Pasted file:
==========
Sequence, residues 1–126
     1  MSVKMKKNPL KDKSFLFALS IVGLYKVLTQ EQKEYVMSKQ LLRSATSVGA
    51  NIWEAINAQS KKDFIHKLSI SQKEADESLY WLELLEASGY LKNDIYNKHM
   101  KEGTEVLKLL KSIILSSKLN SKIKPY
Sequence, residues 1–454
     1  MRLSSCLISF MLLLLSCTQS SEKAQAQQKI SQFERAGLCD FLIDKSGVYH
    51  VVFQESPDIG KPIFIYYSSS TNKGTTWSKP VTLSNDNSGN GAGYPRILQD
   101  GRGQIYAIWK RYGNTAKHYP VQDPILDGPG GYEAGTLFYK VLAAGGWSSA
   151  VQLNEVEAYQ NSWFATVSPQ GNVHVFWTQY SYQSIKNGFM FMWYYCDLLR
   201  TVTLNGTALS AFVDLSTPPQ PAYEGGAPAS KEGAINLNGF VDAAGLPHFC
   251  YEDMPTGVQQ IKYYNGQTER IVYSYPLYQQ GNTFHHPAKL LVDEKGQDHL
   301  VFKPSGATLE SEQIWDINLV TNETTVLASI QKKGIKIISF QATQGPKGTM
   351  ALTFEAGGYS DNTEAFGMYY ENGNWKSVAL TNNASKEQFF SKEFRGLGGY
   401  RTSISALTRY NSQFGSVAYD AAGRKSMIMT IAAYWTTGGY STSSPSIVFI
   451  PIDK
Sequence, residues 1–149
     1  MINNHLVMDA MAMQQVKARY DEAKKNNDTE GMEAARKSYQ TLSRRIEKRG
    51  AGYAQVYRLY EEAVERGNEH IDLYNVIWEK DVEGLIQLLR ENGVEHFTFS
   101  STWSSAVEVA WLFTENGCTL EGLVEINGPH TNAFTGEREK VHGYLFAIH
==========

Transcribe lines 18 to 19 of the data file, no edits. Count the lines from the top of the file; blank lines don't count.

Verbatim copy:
    51  AGYAQVYRLY EEAVERGNEH IDLYNVIWEK DVEGLIQLLR ENGVEHFTFS
   101  STWSSAVEVA WLFTENGCTL EGLVEINGPH TNAFTGEREK VHGYLFAIH